For any who are still curious about oil remaining stubbornly expensive in the midst of so much economic weakness, here’s a small clue from the demand side: increasingly, traffic jams in and around Beijing stretch for tens of kilometres, run for days at a time, and the number of vehicles on the move at any time is in the millions and rising.

The locals have cashed in on their captive market of stranded drivers and are selling water, instant noodles, and cigarettes at inflated prices. A bottle of water, which normally costs 1 yuan, is sold for 10 yuan (about Rs 70) in the highway.

Granted, these extreme traffic jams are exacerbated by needed road repairs, but even allowing for those it is clear that China’s road network has not kept up with its rapidly spreading car culture. China has become the world’s largest car market, with year on year growth rates in high double digits. Sales rebounded in August as subsidies for energy-efficient vehicles and a stronger currency spurred demand. Sales rose 55.7 percent over a year earlier to 1.21 million vehicles, up from 1 million vehicles the month before.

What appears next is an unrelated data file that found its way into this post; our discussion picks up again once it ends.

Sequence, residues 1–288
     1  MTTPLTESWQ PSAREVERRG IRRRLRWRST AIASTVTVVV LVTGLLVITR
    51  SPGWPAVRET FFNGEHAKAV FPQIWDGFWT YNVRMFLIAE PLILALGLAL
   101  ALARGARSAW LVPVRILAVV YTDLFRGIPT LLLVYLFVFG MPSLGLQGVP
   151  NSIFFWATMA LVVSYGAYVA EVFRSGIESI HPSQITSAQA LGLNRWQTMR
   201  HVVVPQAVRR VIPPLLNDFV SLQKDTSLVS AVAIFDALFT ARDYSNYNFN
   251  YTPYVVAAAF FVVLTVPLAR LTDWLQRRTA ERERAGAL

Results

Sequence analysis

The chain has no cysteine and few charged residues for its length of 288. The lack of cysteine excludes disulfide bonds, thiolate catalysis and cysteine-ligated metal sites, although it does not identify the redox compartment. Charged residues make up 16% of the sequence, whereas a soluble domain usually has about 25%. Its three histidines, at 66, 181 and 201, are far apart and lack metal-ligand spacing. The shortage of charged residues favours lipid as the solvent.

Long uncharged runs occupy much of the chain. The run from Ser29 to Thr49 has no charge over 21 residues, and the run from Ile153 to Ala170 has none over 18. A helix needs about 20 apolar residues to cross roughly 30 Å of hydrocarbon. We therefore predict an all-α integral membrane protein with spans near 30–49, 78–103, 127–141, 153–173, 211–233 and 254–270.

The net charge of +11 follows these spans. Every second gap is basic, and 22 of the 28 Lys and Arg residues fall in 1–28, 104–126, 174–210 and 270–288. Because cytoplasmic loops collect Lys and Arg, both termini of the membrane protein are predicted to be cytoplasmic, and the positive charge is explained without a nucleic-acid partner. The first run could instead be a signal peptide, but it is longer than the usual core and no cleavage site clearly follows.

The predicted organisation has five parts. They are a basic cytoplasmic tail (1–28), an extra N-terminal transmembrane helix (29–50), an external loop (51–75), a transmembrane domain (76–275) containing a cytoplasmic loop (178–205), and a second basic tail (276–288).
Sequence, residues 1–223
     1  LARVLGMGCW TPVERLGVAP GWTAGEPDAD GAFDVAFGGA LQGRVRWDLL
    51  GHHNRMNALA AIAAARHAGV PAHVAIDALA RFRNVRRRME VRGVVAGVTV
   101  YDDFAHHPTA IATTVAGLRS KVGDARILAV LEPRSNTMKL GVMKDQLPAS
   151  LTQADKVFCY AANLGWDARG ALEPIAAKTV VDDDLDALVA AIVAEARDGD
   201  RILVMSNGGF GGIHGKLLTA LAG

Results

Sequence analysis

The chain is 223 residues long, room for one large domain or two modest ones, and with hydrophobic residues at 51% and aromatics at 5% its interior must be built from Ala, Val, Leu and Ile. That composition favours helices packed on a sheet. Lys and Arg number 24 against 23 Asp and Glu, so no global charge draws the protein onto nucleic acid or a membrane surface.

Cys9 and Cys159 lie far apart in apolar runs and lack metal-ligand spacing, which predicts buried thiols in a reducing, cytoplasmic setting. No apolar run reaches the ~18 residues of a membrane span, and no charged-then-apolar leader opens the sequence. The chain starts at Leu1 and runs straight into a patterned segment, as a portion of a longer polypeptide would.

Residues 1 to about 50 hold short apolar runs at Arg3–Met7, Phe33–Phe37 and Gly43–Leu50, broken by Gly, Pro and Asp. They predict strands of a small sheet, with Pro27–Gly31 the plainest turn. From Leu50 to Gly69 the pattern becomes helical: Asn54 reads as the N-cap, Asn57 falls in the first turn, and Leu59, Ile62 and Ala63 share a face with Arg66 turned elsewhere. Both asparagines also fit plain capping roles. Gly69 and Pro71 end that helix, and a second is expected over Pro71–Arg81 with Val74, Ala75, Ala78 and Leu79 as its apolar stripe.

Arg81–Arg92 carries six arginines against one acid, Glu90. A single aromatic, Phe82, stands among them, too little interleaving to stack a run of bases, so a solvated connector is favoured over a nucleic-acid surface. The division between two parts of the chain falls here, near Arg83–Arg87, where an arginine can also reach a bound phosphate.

Latest figures on Chinese oil consumption, reported by Rigzone, indicate a 10% year on year increase, tempered by the fact that this is the second month in a row of decline from June’s all time high. This correlates well with crude oil prices in international markets – and with the colossal traffic jams.